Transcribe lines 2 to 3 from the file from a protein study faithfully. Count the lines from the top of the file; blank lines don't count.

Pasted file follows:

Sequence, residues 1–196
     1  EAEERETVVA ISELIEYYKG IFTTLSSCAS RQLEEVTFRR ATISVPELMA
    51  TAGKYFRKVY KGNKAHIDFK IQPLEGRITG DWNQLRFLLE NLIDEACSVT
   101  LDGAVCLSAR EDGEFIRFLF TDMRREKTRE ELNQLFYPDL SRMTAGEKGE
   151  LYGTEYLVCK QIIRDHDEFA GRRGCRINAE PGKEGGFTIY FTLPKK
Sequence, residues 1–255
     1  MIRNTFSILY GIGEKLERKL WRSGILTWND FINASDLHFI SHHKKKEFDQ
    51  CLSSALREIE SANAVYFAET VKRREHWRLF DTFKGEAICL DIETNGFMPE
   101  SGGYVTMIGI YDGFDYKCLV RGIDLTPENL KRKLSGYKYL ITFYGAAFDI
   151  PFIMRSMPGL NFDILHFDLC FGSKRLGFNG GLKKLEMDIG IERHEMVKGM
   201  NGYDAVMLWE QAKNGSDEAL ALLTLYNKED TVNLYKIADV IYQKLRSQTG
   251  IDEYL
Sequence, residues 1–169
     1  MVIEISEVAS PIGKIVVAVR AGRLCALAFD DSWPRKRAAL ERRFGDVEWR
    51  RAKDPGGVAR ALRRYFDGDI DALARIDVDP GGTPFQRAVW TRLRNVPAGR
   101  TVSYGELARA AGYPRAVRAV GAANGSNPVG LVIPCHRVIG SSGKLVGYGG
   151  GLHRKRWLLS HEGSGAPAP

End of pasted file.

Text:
     1  EAEERETVVA ISELIEYYKG IFTTLSSCAS RQLEEVTFRR ATISVPELMA
    51  TAGKYFRKVY KGNKAHIDFK IQPLEGRITG DWNQLRFLLE NLIDEACSVT